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History of Josery Textiles Ltd                 A brief history of textile manufacturing near  Hucknall


The company started in 1938 less than a mile from our present factory.   During the second world war it re-located to Leicestershire due to links with another company.    After the war the company  returned to Hucknall, but to different premises.   The company was mainly involved in sock manufacturing at this time.

In 1953 it moved again to purpose built premises in Occupation Road, Hucknall, where it continued with sock manufacturing until about 1965.   

At this time Crimplene had been invented and the company expanded it’s premises to accommodate the large diameter circular machines needed to knit Crimplene fabrics.   The fabrics were supplied to many clothing manufacturers in the UK and abroad.   

As Crimplene gradually went out of fashion in the mid 1970’s the focus changed to making sportswear fabrics and garments.   The premises were expanded again to accommodate the garment cutting and making up departments.    Tracksuits and Darts shirts were big selling items through until the late 1970’s.   The recession of the late 1970’s saw sales fall and the Occupation Road premises were sold and the company moved a quarter of a mile to it’s present premises at Benneworth Close in 1982.

Sweatshirts had become fashionable and by about 1986 the company had expanded again putting in state of the art fleece knitting machines to produce sweatshirt fabric.    This enjoyed a long run through to about 2008 when low cost imports made it very difficult to compete.   The company again contracted back into just one relatively small production unit in an effort to “tough out” the very difficult trading conditions for British garment manufacturing.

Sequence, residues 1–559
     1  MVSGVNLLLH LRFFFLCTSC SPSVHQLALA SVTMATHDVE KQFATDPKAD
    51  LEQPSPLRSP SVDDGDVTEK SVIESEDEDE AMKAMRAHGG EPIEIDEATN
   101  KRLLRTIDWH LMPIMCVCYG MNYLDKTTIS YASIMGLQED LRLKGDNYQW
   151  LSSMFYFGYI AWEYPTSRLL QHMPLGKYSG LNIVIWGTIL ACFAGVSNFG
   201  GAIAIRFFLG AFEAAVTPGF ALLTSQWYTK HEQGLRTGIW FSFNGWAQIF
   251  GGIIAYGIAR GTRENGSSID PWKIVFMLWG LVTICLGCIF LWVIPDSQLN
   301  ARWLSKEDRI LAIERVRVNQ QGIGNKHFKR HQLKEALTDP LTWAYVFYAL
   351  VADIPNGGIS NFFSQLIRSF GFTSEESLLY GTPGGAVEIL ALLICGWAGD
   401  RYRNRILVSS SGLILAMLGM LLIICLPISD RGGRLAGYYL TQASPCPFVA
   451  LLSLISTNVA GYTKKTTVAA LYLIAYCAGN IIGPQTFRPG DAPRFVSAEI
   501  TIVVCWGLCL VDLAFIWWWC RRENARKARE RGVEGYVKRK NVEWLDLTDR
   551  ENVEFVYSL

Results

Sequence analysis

Today 20 people are employed at Josery, we are involved in knitting fabrics, making garments, machine embroidery and silk screen printing.

A brief history of textiles manufacturing in the vicinity of Hucknall, Nottinghamshire.

Machine knitting was invented by the Revd. William Lee in about 1589 at the village of Calverton which is about 6 miles away from Hucknall.

The original machines or knitting frames produced woollen stockings.   The frames were usually located in cottages and were operated by peasant workers and their families, usually on a part time basis, they probably tended the crops and animals during the day and then spent their evenings knitting, probably by candle light. Their living conditions were undoubtedly  very poor by today’s standards.

Hucknall is close to the River Leen, which had water powered mills dating back as far as the 13th century.   Towards the end of the 18th century some of these mills had converted from their initial purpose of grinding corn to spinning cotton to supply the growing textile demand.   At this time up to 800 people were employed in these mills along the Leen Valley.

In the early 1800’s, as further mechanisation of the knitting process took place, many of the framework knitters were forced out of their livelihood and this led to the Luddite uprising.   Lord Byron, the famous poet of nearby Newstead Abbey, defended the actions of the rebellious framework knitters in his maiden speech in the House of Lords.   

From the 1820’s factories started to appear in Nottingham and by 1855 in Hucknall, some of these eventually employing hundreds of people.   Up until the 1980’s there were still at least 4 large factories in Hucknall, making garments for some very well known brands.

The famous Lace Market area of Nottingham remains largely intact and is well worth a visit for anyone interested in the history of textiles or 19th Century industrial architecture.   

Although our companies roots only extend back 70 years, we are proud of the industrial heritage around us.   The industrial revolution started in the UK at Cromford in Derbyshire, within half an hours drive of Hucknall and there are still many interesting and beautiful places to visit close by.    Please see the links opposite from where we have taken some date references and which provide detailed further information:

A present day garment being embroidered on a Tajima multihead embroidery machine.

A 1970's tracksuit advertising leaflet, most tracksuits were sold through newspaper adverts but some were sold to sports clubs under the Sportswell brand. A darts shirt advert from the late 1970's, which was probably printed in a darts magazine. A cutting of a crimplene fabric which was probably produced in about 1968 A pair of Josery socks with the original packaging.    Probably made in the early 1960's.